Every two years, I make an effort to re-read the Harry Potter series. For many people, myself included, Harry Potter was the gateway into literature and the enjoyment of reading — I certainly thought of reading as a chore (or worse, a punishment) when I was younger until making my own imaginary trip to Hogwarts. I took two trips to the new Harry Potter store in New York City this year. I also finished reading The Deathly Hallows the day before I was fortunate enough to experience the production of Harry Potter and the Cursed Child. Plus, HP is just a massive part of my childhood. The Sorcerer’s Stone film adaptation was released in 2001, and it was an absolutely phenomenal experience. It’s how I imagine adults born in the 60s and 70s remember watching Star Wars when it premiered in 1977. (In fact, HBO Max just released the 20th Anniversary Harry Potter Reunion Special that I am sure will be an incredible experience to watch.)
In any event, I spent this past fall re-reading the HP series, but only after I finished re-reading George R. R. Martin’s A Song of Ice and Fire (ASOIAF). Ever since the end of HBO’s Game of Thrones, I had been itching to get back into the series. I had read A Knight of the Seven Kingdoms and Fire & Blood (see my earlier book trackers), and they were both fantastic, but I still felt unsatisfied. Then, I began listening to the Radio Westeros and History of Westeros podcasts, which conduct deep-dive analysis and re-reads of ASOIAF in preparation for the eventual sixth book in the series. Once I started listening to those podcasts, I was finally convinced to go back and read through ASOIAF. I started reading A Game of Thrones in the Fall of 2020 and was only midway through A Clash of Kings when 2021 began — I didn’t finish re-reading A Dance with Dragons until July. It’s a shame since I also wanted to re-read Fire & Blood, which will, in part, be adapted in HBO’s upcoming series House of the Dragon.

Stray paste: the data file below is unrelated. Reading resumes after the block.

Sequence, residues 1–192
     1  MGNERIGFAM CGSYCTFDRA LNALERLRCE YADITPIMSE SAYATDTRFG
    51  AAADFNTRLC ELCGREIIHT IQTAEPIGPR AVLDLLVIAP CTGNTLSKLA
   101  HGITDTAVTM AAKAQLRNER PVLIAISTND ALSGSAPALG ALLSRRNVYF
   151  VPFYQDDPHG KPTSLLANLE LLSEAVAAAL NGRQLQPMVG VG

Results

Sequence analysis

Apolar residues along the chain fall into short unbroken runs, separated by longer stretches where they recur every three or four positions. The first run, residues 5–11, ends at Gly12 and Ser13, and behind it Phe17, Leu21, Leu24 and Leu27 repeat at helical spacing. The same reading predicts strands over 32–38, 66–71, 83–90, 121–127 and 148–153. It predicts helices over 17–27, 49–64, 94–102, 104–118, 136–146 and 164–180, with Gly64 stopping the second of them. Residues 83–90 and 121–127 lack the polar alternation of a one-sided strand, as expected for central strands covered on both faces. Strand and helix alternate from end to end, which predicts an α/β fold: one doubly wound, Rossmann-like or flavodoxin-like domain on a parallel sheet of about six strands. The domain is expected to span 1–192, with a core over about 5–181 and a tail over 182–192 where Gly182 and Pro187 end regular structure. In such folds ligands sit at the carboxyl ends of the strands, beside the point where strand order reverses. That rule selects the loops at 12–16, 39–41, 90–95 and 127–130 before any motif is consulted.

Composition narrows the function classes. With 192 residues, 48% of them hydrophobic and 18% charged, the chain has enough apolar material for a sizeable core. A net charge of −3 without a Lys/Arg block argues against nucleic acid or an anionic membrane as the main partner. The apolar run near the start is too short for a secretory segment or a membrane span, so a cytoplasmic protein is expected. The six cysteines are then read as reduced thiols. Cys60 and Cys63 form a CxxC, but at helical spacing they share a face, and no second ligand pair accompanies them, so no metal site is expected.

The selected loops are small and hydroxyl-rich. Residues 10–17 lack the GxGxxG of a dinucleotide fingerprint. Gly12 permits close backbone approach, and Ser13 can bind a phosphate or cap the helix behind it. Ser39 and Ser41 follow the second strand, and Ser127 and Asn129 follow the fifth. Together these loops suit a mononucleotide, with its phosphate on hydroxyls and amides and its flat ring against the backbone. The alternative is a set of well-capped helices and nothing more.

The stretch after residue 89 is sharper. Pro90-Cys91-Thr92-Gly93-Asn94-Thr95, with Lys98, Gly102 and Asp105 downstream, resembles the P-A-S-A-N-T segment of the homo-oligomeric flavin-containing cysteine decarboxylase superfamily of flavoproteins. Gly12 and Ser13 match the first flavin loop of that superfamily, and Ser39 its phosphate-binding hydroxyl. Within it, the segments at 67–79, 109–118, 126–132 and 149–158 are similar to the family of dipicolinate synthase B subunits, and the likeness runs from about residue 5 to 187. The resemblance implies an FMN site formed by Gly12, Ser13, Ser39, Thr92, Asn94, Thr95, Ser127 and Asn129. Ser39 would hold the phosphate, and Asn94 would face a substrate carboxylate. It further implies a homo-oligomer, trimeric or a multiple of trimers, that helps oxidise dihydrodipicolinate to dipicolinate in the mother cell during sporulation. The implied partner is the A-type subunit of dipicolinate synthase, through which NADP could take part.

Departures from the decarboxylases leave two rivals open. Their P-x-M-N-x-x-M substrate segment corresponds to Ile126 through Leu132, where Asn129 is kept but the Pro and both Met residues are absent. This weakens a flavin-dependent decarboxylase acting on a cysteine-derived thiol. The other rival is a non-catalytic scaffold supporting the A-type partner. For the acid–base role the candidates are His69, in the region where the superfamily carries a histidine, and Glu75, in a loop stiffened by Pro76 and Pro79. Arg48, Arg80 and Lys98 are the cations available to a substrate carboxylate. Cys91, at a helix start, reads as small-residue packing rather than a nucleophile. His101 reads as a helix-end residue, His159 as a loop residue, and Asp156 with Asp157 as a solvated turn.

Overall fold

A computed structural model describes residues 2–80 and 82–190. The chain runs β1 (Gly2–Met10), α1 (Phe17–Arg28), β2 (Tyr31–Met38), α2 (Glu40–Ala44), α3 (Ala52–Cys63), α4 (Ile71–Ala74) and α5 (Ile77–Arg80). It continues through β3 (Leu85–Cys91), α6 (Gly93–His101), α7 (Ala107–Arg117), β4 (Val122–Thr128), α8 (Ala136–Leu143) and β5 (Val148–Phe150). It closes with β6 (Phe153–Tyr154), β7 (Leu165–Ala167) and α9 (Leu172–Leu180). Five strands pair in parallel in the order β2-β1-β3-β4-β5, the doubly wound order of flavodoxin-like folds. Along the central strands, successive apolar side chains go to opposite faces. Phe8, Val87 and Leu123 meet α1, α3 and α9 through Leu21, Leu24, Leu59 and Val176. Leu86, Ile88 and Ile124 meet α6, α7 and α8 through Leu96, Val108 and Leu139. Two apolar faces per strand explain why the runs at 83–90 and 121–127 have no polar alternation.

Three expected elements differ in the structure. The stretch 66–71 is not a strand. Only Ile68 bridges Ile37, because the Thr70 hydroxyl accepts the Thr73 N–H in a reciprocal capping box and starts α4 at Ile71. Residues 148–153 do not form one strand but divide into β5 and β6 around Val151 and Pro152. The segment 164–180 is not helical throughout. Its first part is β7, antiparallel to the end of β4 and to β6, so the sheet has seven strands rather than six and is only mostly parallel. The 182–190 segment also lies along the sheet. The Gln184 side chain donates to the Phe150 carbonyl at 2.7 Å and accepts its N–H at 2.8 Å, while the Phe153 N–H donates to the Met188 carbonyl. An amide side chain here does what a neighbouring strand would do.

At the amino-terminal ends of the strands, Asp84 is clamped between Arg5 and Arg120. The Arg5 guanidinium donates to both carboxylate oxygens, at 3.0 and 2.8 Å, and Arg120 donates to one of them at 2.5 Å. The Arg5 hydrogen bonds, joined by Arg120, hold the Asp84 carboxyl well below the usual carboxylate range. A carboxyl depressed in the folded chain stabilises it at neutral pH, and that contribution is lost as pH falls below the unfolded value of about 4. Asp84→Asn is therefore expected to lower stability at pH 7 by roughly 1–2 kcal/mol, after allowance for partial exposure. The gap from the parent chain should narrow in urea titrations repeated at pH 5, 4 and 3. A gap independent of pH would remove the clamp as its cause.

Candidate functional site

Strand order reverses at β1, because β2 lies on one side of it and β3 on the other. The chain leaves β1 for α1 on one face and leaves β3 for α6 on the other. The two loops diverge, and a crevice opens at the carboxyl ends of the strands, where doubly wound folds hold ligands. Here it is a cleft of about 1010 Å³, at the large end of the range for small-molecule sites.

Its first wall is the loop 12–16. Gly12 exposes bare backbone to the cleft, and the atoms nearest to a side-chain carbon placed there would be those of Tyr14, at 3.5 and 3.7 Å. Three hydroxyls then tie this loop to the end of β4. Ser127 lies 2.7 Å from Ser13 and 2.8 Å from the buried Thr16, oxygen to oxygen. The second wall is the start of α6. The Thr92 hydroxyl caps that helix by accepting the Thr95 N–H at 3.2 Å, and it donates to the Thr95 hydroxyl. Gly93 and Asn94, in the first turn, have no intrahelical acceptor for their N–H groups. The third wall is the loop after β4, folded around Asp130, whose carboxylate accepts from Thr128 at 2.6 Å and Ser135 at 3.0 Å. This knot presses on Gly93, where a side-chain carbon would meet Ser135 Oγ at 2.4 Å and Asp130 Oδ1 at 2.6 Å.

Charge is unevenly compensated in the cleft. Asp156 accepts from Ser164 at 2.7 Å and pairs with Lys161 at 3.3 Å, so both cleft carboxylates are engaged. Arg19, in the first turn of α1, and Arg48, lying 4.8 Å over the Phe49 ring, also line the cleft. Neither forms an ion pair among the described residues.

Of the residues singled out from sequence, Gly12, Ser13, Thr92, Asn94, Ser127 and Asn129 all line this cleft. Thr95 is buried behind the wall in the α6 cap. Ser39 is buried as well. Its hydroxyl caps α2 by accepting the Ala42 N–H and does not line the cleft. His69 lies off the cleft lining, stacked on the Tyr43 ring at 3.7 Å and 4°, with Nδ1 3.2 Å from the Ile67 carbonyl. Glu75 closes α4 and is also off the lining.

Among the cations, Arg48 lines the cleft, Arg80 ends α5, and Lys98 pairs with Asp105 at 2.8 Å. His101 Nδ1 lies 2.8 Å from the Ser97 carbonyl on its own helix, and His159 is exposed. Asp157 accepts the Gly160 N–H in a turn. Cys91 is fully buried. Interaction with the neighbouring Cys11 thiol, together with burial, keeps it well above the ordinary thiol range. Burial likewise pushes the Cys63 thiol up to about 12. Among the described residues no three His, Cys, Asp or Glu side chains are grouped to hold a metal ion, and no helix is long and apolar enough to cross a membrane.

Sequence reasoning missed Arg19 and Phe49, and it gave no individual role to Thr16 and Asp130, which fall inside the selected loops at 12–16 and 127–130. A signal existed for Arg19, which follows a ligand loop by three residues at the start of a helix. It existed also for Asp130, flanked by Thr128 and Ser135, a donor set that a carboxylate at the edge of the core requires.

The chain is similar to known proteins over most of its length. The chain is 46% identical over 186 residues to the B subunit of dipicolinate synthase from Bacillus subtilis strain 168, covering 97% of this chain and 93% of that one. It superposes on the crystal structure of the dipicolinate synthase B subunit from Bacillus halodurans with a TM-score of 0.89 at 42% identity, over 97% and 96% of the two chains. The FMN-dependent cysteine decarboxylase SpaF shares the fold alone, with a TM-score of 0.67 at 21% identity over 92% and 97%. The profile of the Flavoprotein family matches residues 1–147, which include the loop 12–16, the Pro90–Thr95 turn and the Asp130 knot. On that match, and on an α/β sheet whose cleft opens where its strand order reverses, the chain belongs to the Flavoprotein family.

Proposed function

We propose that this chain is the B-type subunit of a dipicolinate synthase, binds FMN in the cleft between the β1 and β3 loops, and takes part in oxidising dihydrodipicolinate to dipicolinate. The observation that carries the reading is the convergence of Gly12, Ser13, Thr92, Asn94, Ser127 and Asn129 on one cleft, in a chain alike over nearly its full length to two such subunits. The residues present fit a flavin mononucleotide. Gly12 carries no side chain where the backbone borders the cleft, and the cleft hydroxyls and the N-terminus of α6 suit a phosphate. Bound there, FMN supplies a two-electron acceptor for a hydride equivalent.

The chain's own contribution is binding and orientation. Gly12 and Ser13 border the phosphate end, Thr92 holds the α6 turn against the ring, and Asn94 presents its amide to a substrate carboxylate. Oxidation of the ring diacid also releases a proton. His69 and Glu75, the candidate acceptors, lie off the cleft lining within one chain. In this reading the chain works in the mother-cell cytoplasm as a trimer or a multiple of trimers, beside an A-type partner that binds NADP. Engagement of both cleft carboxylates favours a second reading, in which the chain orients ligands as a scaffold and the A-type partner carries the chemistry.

This past year, I noticed how my reading comprehension has developed. I have watched Dr. Corey Olsen’s free seminars on The Lord of the Rings and The Histories of Middle-Earth (HOME) for the past five years through Signum University and the Mythgard Academy. Dr. Olsen’s teaching style focuses heavily on what is happening in the story at the moment. It uses that to understand how and why future events occur from an in-universe and literary perspective. Additionally, during his HOME seminars, Dr. Olsen goes into great detail on how Tolkien’s legendarium evolved over time, noting where new ideas were flourishing and how those ideas might have changed the series over time. I found myself replicating Dr. Olsen’s style at several points throughout this past year, making for much more fulfilling reading experiences of ASOIAF and Harry Potter.
I will not say that I didn’t read anything new this year. There were a few stories I was able to get through before December 31st, but I’ll be adding those to the 2022 Book Tracker. I have tons of books in my at-home library I have yet to read, so those will be some of the ones I plan on tackling in 2022. I also want to try and read through Hobbitus Ille, the Latin translation of The Hobbit, one chapter a month. I know that it will be difficult as it has been too long since I’ve translated any Latin (or Greek, for that matter), but I would consider it a personal accomplishment if I get through reading it.
Until then, I hope you all have a wonderful New Year and happy reading!